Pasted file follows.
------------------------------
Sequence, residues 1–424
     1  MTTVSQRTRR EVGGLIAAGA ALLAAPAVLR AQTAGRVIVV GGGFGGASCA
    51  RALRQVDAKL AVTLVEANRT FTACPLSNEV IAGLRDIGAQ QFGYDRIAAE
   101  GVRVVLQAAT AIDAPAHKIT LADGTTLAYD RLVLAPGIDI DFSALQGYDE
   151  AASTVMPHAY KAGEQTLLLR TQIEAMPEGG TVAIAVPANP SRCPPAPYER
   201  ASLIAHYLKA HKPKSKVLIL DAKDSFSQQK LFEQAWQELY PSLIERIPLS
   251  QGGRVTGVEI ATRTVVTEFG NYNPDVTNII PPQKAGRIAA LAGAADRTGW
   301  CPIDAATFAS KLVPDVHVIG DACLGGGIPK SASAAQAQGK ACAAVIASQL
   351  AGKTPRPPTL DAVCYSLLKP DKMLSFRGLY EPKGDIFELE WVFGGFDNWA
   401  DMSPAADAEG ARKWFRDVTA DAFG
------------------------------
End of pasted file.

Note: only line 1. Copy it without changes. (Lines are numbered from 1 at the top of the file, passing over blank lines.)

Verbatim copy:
Sequence, residues 1–424